Anatomy of an Alert: How BlackSky Monitors Events

We are constantly monitoring events around the world with BlackSky. Let’s look at one event in particular to see how we construct a BlackSky Alert for a customer.

Anatomy of an Alert – Attack on Chinese-funded projects in Gwadar, Pakistan

In the first view (below), we’ve asked BlackSky Events to show all the events worldwide in the past 24 hours for particular thematic topics – these are our default “channels” every time we login. You can see the world “today” as a variety of Conflict, Energy, Natural Disaster, Outbreak, and Refugee channels. BlackSky channels that are chock-full of relevant events are automatically curated by the system using a variety of data science and big data computing techniques, including complex event stream processing, machine learning, natural language processing, machine translation, and geoaccuracy processing.

We’ve also configured the view to give us access to observations derived from local and regional news articles and some limited social media. We can add many topics/channels to the view but this “starter” set works pretty well as a home page default while you’re looking for activities around the world. Think of this as your personal “situational awareness” view – a Global Risk Dashboard tailored for your interests.

Global activity in the last 24 hours, organized by theme/topic:

In addition to the map view, we can also look to see what’s trending in terms of news or social media articles that are feeding into BlackSky at high volume and high velocity. One emerging event that caught our eye was an attack on Pakistani workers who have been involved with a Chinese-funded set of projects near the port of Gwadar in southern Pakistan. In this view, we’re looking into the details of a particular event to answer some questions – what happened? What sources fed into the event? What entities are we extracting from the article texts – like sites, people, organizations, places, etc? This view (as opposed to the map view) gives you plenty of screen real estate available to read the supporting articles in detail.

Detailed anomalous event – Attack on workers at China-Pakistan Economic Corridor (CPEC) project in Gwadar:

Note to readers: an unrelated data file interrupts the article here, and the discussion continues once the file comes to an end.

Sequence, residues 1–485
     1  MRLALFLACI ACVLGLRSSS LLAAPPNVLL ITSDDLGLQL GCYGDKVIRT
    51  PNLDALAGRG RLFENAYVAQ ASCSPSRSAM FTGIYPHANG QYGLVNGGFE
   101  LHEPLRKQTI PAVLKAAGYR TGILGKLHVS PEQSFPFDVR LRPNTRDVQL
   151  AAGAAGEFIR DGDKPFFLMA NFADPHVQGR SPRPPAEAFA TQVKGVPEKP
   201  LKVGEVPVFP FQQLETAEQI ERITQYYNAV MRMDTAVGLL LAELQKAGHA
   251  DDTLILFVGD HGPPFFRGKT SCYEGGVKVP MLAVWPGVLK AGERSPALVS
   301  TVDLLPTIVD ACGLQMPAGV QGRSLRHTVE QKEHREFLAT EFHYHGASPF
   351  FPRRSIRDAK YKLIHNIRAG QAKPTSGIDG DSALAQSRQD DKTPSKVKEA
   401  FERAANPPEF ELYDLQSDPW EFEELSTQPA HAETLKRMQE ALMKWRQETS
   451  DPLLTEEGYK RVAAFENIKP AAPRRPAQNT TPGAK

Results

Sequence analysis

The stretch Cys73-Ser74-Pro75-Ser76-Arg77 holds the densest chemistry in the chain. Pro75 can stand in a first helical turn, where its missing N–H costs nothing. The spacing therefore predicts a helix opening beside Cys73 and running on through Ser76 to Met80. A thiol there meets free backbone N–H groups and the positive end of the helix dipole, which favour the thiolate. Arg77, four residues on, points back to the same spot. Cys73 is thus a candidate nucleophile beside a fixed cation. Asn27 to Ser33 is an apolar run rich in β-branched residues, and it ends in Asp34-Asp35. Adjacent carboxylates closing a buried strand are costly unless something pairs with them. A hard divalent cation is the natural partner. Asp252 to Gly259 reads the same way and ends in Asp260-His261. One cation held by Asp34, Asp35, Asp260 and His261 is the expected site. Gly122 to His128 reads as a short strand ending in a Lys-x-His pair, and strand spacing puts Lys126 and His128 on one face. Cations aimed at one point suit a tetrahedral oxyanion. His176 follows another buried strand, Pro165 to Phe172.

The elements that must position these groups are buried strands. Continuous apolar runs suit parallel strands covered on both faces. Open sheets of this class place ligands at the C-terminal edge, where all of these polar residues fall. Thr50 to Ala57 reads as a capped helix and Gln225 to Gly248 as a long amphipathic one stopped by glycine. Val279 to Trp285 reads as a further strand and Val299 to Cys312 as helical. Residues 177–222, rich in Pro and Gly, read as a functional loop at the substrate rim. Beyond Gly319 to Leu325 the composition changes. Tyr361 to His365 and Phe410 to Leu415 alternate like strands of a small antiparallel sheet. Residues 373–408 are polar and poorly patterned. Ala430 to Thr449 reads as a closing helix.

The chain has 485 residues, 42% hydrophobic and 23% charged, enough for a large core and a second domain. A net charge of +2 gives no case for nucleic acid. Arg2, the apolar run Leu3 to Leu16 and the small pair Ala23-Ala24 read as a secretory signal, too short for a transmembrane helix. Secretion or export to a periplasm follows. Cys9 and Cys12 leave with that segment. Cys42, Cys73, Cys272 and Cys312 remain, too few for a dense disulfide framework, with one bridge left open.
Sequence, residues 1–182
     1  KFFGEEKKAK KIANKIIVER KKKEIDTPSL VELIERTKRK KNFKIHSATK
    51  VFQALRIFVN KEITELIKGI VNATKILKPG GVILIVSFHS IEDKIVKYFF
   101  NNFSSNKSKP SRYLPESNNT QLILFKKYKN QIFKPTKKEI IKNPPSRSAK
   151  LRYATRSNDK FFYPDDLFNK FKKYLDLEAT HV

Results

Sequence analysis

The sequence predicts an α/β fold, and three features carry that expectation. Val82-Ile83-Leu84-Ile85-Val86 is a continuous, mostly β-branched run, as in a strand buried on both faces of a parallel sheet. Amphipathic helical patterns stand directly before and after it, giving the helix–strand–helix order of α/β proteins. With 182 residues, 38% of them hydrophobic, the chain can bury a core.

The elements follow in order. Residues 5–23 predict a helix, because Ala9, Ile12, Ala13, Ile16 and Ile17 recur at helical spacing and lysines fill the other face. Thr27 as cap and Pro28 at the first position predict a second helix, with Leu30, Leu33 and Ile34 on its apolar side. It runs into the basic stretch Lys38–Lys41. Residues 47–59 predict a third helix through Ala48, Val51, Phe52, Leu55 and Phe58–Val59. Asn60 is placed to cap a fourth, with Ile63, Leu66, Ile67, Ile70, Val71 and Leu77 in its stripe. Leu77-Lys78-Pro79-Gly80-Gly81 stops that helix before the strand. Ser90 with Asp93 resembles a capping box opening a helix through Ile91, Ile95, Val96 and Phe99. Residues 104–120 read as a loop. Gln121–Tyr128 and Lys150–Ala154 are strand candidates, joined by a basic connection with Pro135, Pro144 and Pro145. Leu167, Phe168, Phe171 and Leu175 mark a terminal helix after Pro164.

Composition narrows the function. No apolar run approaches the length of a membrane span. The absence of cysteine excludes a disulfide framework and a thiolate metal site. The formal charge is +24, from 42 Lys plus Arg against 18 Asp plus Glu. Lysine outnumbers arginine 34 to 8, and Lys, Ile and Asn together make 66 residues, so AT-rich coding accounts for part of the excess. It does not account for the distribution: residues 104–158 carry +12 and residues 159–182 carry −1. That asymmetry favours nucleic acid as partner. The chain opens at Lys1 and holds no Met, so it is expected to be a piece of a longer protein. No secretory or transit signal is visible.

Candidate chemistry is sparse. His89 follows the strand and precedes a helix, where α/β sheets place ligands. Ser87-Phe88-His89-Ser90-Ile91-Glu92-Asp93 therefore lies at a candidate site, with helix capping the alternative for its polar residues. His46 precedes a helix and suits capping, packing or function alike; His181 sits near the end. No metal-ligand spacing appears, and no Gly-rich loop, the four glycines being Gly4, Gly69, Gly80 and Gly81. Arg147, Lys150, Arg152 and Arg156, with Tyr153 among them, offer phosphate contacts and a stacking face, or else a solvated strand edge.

We may also want to go further into the analysis of why BlackSky identified this as an “anomaly”. You’ll see in this next timeline view that this part of Pakistan had been relatively quiet until we see a big spike in activity over the weekend when the workers were gunned down. You can see the graph “go red” as it generated an alert. This deviation from the normal pace of Conflict activity is one of the reasons BlackSky was alerted to this particular event.

Anomaly Timeline for Event:

Finally, let’s switch back to the map for a Vignette view – combining maps, satellite images, event descriptions, and related photographs into a briefing-style snapshot view of this particular incident. As new information arrives, our view will be updated with new or amplified events in the 24-hour Global Conflict channel. We select the “best-of” contextual articles and photographs to illustrate the vignette and save a screenshot for posterity. We can also save the vignette within the BlackSky application using a feature called “Recall Points” so we can bring the same scenario up at a later date and collaborate with other analysts.

BlackSky Vignette – Attack on workers at China-Pakistan Economic Corridor (CPEC) project in Gwadar:


Hopefully this gives you a little more insight into BlackSky Events and how the service is used today. And, BlackSky functionality is evolving rapidly – we’ve got several new features cooking in the lab for release later this year. Stay tuned!

Scott Herman

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